Ironman returns to Hawaii

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An aerial view of the start of the swimming portion of the Ironman World Championships. Photo: Ezra Shaw/Getty Images

The Ironman World Championships descended on Kona, Hawaii, last week for the first time since 2019, returning to the sport’s spiritual home after three years of pandemic delays.

State of play: The field was about twice as big as usual due to the long delay. To accommodate the volume, organizers split the event into separate races for women (Thursday) and men (Saturday) for the first time in its 44-year history.

Why is it important: This gave Ironman a chance to showcase women on their own day, continuing the organization’s longstanding commitment to gender equality. They plan to make the change permanent.

What they say : “The story of Ironman and women is one that we are extremely proud of,” Ironman Group CEO Andrew Messick told Axios.

  • “There was never a time when women were expected to do less than men. It was always a distance, and either you were able to do it or you weren’t.”
  • “For us to be able to run a race where a woman crosses the finish line first and be the sole center of media attention is something that we think is a long time coming.”
Ironman Finish Line
An aerial view of the finish line. Photo: Tom Pennington/Getty Images

The big picture: Kona missing three years of world championships was a blow to triathletes and Hawaiians alike.

  • The small town on the west coast of the Big Island is considered the birthplace of the sport, and some of these athletes “waited for years for their chance to be on the pier, to swim in Kona Bay, to ride the ‘Queen Ka’ahumanu highway and running Ali’ I drive,” Messick said.

More: “This is the biggest event happening on the West Side of Hawaii,” Messick said. About 30,000 people come each year and the local economic impact of the 2019 race was estimated at $72 million, Hawai’i Public Radio reported.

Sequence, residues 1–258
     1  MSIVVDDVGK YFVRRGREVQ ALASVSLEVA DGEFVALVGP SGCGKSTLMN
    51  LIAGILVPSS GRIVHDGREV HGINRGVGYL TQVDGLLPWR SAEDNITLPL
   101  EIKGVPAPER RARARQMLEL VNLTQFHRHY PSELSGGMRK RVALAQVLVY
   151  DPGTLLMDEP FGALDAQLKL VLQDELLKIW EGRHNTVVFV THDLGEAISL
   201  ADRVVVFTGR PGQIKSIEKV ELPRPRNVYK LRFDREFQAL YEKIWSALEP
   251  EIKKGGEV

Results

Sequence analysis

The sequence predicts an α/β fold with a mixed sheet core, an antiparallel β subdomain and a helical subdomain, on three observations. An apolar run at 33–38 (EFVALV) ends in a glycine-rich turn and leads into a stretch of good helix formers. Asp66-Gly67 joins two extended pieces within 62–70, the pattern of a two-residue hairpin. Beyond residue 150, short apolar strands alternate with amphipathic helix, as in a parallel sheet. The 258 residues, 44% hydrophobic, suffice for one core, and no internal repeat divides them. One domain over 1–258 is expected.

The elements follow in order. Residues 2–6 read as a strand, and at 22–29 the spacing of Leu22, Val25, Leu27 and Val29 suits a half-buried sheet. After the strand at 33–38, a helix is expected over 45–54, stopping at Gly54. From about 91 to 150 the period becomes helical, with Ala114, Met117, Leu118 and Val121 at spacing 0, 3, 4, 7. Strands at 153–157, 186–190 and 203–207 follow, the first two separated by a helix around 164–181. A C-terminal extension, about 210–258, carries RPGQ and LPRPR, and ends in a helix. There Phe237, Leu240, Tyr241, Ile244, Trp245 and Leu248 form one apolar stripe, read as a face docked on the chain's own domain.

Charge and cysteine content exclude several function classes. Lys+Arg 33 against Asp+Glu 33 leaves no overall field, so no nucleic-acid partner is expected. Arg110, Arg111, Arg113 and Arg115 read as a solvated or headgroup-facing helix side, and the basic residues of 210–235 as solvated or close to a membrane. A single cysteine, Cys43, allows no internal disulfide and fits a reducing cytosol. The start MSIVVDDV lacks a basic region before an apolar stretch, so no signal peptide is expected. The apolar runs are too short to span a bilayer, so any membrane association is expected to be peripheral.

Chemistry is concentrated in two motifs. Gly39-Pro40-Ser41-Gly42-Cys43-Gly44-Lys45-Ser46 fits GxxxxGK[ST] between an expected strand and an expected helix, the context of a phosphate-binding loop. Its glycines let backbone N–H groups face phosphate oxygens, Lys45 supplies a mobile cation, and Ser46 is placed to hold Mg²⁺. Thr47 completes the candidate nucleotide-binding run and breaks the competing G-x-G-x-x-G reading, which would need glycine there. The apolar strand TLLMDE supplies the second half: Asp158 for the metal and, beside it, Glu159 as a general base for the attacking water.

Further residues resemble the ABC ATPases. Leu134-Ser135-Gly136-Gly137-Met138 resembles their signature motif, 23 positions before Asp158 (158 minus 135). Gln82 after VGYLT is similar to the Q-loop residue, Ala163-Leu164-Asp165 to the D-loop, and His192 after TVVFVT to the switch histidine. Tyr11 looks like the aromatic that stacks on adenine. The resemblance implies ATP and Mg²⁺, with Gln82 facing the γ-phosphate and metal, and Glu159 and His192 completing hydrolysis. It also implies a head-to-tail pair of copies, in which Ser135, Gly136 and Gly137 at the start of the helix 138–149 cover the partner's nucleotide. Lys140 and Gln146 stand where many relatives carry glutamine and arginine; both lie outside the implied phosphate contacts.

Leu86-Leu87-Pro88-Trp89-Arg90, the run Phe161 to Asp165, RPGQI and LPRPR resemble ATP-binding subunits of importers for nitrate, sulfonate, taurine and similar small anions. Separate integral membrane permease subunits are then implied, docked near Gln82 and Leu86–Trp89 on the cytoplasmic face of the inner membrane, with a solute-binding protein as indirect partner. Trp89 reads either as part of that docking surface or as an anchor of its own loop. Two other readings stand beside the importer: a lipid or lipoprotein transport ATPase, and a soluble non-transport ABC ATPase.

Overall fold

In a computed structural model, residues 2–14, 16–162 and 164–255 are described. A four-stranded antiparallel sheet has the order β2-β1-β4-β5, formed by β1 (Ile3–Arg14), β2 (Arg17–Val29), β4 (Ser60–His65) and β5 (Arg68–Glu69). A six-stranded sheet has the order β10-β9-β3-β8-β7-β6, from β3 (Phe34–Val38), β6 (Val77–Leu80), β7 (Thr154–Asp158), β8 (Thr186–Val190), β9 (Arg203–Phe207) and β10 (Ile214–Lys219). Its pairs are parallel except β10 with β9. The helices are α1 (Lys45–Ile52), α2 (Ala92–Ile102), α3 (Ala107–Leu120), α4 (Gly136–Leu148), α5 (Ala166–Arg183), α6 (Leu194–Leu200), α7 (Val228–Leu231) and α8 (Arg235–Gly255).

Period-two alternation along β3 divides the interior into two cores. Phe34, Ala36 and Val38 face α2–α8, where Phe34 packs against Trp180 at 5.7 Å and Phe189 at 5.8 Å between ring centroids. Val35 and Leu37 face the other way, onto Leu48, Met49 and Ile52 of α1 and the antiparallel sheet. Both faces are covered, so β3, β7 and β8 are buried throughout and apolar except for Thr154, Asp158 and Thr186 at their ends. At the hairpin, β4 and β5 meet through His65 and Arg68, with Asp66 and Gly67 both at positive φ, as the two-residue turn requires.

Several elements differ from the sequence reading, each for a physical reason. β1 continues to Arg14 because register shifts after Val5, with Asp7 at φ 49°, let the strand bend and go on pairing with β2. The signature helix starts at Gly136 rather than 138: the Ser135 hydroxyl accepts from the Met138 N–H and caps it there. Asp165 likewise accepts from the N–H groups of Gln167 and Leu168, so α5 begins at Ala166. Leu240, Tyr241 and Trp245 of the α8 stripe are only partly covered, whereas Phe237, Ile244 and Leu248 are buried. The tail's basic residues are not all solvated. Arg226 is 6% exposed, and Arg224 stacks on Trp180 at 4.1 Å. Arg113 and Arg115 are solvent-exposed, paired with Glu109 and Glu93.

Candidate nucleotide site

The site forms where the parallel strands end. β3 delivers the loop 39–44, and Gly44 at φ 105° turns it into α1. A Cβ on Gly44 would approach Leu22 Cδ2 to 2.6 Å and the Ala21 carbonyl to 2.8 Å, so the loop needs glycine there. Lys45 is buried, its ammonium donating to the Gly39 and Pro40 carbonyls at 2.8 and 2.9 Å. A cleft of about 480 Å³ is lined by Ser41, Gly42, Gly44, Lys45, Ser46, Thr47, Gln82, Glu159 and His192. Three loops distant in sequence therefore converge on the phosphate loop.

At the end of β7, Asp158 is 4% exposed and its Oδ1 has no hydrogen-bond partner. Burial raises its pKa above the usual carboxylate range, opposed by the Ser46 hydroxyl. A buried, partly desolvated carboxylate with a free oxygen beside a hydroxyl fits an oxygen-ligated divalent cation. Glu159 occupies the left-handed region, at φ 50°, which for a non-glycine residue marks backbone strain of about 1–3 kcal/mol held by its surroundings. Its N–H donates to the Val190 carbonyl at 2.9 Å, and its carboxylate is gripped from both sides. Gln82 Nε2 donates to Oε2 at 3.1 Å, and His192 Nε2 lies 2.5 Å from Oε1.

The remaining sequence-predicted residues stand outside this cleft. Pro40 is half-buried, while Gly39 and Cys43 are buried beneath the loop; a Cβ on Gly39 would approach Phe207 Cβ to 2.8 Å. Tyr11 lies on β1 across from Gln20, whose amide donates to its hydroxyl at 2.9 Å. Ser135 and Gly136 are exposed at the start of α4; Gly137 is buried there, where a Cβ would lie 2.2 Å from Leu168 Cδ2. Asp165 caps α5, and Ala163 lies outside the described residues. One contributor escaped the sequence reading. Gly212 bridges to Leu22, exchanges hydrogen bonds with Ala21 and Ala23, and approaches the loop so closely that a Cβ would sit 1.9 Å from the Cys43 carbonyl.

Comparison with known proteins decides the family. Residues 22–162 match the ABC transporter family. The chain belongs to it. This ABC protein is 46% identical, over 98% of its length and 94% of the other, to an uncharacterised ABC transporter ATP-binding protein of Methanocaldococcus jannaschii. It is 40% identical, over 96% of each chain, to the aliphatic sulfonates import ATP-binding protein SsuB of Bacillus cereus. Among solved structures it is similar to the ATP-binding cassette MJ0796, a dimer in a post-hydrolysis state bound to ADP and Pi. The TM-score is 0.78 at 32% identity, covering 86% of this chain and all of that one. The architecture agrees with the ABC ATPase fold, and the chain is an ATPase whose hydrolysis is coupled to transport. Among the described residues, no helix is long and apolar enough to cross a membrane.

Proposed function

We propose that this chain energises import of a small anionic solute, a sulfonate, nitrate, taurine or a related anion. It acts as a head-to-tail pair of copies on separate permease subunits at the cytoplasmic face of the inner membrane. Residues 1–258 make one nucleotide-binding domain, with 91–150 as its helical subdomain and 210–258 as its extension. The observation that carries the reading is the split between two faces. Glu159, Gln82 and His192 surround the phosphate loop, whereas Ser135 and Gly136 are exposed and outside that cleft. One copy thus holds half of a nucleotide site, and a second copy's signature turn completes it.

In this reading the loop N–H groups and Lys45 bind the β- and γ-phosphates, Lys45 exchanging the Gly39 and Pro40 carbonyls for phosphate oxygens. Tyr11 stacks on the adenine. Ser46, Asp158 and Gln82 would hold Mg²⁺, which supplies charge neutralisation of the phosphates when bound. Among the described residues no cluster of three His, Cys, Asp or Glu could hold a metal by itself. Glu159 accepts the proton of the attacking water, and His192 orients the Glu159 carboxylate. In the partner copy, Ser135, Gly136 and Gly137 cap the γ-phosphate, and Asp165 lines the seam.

Iron Man
The sun sets during the running part. Photo: Tom Pennington/Getty Images

Between the lines: The 5,000 athletes from 92 countries are the main attraction of the World Championships, but the festivities in the days leading up to the races – Kona Week – add a unique element.

  • There is a children’s race (the Keiki Dip ‘N Dash), a Hoala training swim from 2017 which gives fans the ability to virtually swim the actual course and even a Running in underwear.
  • More than 5,000 volunteers work to make the race possible. These include “people catchers”, whose job is to catch exhausted runners in danger of collapsing after crossing the finish line.
Chelsea Sodaro
Chelsea Sodaro celebrates her victory with her daughter Skylar. Photo: Ezra Shaw/Getty Images

Results: In case the name of the race doesn’t warn you, just finishing an Ironman is borderline absurd. It includes a 2.4 mile swim, a 112 mile bike ride and a 26.2 mile run.

  • Women: 18 months after delivery, Chelsea Sodaro (8:33:46) became the first American winner since 2002 and the first American winner since 1996.
  • Men: Norway Gustav Iden (7:40:24) erased the course record by more than 10 minutes, as did the front four, who all finished within five minutes of him.

1 awesome thing… Chris Nikic (16:31:27) became the first athlete with Down syndrome to complete the Ironman World Championship.

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